The federal aviation regulations require three hours of instruction on flight by reference to instruments, and unusual attitude recovery is part of that curriculum. It’s intended to help you recover from spatial disorientation, wake turbulence, or other disorienting events in flight.
Humans have evolved to maintain spatial orientation on the ground. In the three dimensions of airspace, humans use sensory stimuli—what they can see, hear, or feel—along with the vestibular system, the organ of equilibrium, located in the inner ear. When these signals are disrupted, such as if you were to fly into a cloud, your body might tell you that the aircraft is doing something that it isn’t. You must rely on the instruments to recover.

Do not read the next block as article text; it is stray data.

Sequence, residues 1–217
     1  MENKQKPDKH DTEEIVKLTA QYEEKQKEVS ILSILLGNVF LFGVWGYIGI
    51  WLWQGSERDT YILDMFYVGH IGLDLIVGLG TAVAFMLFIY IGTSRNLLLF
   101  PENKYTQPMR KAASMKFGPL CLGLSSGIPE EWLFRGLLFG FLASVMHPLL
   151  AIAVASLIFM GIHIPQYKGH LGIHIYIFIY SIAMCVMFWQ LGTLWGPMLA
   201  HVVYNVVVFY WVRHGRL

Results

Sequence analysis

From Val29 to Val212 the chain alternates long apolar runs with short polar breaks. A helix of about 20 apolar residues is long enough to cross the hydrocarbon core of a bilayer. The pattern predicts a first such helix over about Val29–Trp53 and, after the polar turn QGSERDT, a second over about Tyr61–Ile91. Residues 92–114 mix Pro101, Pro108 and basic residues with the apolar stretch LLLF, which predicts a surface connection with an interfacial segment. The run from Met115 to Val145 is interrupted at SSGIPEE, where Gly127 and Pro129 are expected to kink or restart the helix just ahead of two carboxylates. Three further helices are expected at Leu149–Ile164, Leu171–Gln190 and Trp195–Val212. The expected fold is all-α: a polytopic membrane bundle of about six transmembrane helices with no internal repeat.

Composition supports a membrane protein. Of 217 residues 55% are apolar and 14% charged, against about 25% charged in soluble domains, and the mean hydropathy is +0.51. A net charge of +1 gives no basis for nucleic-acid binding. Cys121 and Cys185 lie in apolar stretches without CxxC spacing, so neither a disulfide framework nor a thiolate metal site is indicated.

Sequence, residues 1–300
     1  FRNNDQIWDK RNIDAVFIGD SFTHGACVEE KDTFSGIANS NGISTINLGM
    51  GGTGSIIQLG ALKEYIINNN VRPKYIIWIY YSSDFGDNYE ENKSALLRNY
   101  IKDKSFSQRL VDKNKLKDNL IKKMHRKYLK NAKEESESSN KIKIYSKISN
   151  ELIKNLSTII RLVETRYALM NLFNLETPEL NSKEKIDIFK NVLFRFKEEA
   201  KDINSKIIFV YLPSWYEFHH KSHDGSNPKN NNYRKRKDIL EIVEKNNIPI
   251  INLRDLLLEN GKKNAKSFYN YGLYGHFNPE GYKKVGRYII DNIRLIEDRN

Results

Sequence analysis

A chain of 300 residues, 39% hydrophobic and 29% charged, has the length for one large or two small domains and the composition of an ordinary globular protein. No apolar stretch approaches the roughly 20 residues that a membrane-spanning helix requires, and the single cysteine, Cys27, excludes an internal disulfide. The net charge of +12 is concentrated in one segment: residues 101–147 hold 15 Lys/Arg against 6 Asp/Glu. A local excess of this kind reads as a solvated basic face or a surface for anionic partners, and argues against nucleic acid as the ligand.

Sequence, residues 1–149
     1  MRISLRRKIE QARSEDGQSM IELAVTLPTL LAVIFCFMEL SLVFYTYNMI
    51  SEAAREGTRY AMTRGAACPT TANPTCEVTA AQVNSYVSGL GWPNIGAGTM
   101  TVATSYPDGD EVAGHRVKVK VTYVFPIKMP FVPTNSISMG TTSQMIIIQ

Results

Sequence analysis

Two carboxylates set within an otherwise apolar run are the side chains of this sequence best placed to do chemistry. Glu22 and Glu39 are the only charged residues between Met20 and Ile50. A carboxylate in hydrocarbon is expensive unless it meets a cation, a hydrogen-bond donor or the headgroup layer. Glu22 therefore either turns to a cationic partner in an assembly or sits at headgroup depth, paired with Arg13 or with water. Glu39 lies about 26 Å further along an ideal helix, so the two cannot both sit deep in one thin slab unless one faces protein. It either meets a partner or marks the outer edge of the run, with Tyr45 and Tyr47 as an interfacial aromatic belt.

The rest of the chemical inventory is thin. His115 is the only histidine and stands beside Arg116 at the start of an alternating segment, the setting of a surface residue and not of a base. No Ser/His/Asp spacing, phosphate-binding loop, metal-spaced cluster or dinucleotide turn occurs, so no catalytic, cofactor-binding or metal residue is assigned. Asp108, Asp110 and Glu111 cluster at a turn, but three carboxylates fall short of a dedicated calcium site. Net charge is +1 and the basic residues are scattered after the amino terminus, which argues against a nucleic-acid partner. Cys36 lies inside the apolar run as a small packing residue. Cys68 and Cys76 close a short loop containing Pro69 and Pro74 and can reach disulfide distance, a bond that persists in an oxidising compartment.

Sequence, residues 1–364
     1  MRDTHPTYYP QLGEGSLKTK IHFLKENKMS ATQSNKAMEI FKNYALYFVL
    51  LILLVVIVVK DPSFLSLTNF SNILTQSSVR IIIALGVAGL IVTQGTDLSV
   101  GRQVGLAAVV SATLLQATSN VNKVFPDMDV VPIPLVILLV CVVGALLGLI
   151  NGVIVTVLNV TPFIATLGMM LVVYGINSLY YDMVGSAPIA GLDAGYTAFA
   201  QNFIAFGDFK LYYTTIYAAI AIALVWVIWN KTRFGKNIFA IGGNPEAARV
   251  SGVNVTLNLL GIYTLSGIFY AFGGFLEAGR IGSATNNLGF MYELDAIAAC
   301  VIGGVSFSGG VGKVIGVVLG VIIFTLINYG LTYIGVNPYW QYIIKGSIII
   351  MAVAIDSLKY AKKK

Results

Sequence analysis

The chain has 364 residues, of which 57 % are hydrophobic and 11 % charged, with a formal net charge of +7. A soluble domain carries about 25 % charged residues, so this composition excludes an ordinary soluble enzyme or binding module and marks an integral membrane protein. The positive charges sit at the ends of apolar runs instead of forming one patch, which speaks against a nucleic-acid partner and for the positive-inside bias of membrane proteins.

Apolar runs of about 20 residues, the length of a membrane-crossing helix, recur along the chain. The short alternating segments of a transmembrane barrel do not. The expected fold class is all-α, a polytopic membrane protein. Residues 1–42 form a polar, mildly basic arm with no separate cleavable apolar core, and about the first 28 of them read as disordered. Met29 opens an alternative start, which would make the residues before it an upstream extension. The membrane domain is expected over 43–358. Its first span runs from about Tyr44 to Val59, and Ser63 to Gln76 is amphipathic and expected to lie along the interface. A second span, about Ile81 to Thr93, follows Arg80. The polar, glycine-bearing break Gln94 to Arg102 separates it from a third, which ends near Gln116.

Your instructor will put you under the hood or another view-limiting device and instruct you to close your eyes and put your head down. Next, your CFI will put the airplane into an abnormal climbing, descending, or steeply banked attitude. Bonus points if your CFI can maneuver so as to create vestibular illusions (see “Fooling the Inner Ear”). When you look up, you must figure out what the airplane is doing and react accordingly.